The Twilight Saga is, realistically speaking, a cult of personality. After four books, five films and endless interviews promoting those four books and five films, we would hope so.
The books had humble origins. Stephenie Meyer, an all-American Mormon housewife crafted her ideal woman – submissive, hapless, awkward, insecure but destined for greatness – and pitted her against the insatiable thralls of teenage lust with a man so viscerally appealing that she, quite literally, couldn’t resist loving him.
At the heart of the books is an eternal romance, which is probably why women, teenage girls especially, have latched on to the franchise like it’s their sacred text; revealing the mystical life path that only a lucky few will experience.
Nonetheless, perhaps we should be grateful that young girls are reacting so strongly to marriage, family, loving relationships and celibacy.
Or maybe we should be terrified that they’ll take on board the secondary themes of angst, depression, obsession and suicide that also permeate the pages of Meyer’s phenomenon.
When the books were first marketed for Hollywood, it was only Indie director Catherine Hardwick who would touch the project with a barge pole. Her vision, to turn the sickly saccharine Twilight into a dirty indie portrayal of teenage sexual frustration, was pretty darn exciting (but certainly not unique).
Ironically, despite the millions that have been pumped into the franchise since the first film, it’s Hardwicke’s movie that stands as the best. The second, third, fourth and fifth movies reek of Hollywood blockbuster schmaltz. That doesn’t mean they don’t do their job; women (and men) the world over have been entranced by the sizzling on-screen chemistry between Robert Pattinson and Kristen Stewart, only made more enthralling by their off-screen romance.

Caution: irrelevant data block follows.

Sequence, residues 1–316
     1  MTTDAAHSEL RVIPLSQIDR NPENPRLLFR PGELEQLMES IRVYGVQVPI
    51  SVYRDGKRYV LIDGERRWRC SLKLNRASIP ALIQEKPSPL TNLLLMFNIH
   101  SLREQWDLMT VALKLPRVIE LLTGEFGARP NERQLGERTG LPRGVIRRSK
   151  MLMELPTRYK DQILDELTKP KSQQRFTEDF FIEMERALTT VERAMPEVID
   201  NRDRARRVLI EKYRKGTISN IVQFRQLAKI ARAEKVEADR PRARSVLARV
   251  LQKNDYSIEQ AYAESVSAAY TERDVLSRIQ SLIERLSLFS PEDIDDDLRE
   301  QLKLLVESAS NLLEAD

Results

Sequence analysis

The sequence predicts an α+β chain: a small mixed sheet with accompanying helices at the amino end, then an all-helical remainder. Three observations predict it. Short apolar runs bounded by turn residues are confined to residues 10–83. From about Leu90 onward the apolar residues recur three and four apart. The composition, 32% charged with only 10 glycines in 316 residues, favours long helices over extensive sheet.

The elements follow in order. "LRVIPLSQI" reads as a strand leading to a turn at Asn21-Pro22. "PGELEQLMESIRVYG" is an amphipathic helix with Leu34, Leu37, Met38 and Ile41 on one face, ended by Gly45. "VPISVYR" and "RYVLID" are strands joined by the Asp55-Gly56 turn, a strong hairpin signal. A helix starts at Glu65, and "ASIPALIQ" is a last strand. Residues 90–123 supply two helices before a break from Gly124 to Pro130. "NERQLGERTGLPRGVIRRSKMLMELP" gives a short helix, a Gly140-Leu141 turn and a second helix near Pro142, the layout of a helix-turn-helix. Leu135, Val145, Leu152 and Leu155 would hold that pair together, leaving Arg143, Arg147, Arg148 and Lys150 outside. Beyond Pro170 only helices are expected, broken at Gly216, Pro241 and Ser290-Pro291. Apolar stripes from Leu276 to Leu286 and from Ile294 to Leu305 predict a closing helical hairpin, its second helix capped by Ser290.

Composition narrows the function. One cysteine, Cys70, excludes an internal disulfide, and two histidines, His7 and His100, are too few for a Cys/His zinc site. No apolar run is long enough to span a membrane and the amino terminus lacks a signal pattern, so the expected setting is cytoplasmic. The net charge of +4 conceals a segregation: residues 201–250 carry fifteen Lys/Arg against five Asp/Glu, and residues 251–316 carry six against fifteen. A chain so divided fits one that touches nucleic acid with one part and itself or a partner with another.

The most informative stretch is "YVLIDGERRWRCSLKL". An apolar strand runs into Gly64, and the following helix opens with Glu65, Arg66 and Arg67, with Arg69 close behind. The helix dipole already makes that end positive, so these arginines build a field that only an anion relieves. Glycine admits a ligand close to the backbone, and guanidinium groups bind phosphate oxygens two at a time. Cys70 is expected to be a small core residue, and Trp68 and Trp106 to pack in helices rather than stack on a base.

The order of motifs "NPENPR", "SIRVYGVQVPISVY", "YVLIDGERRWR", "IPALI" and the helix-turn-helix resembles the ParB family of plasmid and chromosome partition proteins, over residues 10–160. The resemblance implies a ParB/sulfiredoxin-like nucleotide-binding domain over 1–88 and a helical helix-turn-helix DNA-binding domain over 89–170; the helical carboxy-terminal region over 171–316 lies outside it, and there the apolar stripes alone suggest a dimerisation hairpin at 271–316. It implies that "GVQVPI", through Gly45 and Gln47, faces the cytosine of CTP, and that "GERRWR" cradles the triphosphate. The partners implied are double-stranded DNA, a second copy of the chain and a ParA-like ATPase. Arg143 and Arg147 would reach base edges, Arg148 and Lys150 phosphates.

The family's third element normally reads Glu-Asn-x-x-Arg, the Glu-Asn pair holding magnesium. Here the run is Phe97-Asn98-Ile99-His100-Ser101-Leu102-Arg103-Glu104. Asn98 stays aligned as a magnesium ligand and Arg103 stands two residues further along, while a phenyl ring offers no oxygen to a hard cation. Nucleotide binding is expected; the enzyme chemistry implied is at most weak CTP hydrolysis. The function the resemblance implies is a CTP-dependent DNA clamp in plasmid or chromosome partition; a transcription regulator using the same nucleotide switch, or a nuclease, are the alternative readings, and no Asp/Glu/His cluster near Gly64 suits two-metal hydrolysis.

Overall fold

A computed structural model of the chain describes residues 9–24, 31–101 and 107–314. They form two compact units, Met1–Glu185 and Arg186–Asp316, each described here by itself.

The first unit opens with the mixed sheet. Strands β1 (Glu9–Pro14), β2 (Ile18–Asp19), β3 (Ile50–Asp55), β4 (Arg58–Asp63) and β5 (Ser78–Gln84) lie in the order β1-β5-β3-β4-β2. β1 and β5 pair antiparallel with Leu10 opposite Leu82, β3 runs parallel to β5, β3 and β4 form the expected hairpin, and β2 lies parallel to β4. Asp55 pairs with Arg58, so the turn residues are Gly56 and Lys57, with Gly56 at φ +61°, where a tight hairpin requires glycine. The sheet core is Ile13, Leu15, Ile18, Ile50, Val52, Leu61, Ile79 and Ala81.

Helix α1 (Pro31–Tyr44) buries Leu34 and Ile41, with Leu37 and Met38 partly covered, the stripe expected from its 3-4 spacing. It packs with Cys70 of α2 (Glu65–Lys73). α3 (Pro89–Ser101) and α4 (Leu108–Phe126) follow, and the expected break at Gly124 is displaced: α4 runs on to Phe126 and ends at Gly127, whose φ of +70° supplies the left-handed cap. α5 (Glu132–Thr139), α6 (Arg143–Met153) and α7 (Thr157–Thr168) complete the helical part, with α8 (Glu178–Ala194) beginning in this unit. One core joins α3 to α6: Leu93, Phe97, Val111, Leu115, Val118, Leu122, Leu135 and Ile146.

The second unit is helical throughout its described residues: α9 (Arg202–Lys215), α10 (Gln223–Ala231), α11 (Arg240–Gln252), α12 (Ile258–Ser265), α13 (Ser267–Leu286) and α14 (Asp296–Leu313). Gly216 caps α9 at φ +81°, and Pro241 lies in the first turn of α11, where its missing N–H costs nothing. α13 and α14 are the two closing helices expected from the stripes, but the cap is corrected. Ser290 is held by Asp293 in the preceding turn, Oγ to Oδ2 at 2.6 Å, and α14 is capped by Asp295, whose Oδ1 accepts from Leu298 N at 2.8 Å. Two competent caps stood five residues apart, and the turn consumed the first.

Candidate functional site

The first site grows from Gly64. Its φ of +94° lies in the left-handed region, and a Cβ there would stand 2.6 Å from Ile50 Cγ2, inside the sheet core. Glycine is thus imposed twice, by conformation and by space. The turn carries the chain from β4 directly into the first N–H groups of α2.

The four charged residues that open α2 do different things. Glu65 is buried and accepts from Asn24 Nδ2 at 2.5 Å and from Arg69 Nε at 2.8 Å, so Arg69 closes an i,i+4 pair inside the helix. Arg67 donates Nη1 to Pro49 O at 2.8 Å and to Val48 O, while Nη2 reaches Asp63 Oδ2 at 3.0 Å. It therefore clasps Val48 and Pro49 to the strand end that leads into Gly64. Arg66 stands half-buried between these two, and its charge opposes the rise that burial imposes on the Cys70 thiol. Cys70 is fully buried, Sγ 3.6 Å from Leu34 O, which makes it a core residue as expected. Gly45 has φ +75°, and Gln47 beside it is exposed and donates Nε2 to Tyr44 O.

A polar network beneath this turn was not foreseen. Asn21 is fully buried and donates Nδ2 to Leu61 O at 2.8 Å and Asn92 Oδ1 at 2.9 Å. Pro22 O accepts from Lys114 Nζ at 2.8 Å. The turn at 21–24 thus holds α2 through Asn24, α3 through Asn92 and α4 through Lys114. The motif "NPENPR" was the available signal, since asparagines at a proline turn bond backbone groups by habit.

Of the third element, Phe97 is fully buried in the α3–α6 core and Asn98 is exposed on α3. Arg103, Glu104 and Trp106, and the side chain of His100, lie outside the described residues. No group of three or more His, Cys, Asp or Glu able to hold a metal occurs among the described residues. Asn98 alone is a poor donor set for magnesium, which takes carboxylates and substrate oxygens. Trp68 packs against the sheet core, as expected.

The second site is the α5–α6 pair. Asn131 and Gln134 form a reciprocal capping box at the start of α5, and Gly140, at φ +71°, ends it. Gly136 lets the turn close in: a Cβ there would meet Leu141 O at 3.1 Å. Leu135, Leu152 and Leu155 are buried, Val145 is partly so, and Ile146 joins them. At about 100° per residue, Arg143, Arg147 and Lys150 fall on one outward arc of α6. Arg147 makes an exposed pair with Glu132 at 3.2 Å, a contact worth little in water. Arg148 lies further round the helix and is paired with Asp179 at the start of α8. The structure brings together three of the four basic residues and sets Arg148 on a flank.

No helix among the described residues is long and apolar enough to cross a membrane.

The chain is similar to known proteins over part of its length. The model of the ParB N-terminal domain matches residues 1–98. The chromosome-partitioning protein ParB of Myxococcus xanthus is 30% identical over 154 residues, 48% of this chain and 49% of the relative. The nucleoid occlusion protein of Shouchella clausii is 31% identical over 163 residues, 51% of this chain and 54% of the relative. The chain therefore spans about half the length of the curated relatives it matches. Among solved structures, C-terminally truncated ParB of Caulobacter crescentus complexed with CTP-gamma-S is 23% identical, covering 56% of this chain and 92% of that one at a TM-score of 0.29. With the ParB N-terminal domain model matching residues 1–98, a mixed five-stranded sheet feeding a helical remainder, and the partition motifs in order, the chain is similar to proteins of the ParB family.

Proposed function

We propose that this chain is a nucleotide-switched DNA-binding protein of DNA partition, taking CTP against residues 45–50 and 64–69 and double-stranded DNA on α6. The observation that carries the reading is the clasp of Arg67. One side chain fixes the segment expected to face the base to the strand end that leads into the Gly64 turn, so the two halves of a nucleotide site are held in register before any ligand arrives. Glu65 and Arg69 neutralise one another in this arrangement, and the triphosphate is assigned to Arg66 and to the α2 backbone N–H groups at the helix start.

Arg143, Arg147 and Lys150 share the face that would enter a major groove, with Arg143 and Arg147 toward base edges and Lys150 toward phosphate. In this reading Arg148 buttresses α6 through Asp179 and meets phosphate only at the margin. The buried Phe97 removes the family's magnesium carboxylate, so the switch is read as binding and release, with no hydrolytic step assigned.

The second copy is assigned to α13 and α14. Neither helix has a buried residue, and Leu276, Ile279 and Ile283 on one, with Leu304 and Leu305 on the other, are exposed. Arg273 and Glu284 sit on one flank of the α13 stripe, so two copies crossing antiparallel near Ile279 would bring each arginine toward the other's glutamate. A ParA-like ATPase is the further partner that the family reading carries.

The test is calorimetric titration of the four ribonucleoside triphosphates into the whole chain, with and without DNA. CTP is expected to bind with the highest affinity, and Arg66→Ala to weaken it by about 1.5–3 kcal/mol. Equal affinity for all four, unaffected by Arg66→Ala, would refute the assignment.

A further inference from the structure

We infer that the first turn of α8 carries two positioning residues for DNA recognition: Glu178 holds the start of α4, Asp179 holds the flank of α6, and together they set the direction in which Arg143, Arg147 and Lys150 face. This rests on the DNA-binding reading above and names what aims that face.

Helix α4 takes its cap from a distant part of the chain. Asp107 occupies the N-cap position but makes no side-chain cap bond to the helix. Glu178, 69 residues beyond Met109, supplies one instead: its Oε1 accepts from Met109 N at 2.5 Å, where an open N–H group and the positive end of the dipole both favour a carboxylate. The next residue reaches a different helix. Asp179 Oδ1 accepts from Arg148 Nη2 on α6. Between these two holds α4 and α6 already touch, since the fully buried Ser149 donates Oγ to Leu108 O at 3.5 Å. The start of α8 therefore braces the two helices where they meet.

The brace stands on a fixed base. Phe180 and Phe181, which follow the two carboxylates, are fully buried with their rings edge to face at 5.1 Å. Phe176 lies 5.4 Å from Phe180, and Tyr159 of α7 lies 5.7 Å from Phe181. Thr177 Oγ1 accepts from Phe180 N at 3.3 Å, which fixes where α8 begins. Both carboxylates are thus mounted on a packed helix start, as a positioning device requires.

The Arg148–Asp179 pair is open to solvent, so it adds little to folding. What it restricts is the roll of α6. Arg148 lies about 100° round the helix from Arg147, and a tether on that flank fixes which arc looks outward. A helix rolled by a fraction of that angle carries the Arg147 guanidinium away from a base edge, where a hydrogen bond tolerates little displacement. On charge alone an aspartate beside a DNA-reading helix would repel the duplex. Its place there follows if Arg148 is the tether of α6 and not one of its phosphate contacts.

So now that the fifth film is well and truly over (those who didn’t see it on its opening weekend probably never will) movie powerhouses are fighting tooth and nail to be the ones who create the next big thing.
Twilight had barely given its final wave when Stephenie Meyer’s other novel, The Host, was paraded in movie trailer form across the internet. It’s a not too dissimilar plot from its vampire cousin, but this latest venture features soul suckers of the alien variety. We predict another historic box office smash.
But sensing a deficit of sarcastic humour in the genre of boy meets girl, Summit (who produced The Twilight Saga) have adapted another book called Warm Bodies into movie form starring Brit boy Nicholas Hoult. He plays a zombie whose heart starts inexplicably beating again when he meets mysterious blond Julie.
The trailer for this 2013 project is really quite good, but can it strike a chord with a whole generation of teenagers who think overwhelming passion and intolerable obsession are the real markers of true love? Perhaps, to use the cliché, only time will tell.
For movie lovers, the seismic shift from mid-noughties action thriller adventures to thick romance will culminate with the adaption of Fifty Shades of Grey. No official release date has been given, but these films will ultimately conclude almost a decade of sexually-charged romantically-contrived fantasy.
The women are weak, the men are strong and the stereotypes are wrapped firmly around our pop-cultural generation. Thank God for Katniss Everdeen.
Sarah Jordan @S_L_Jordan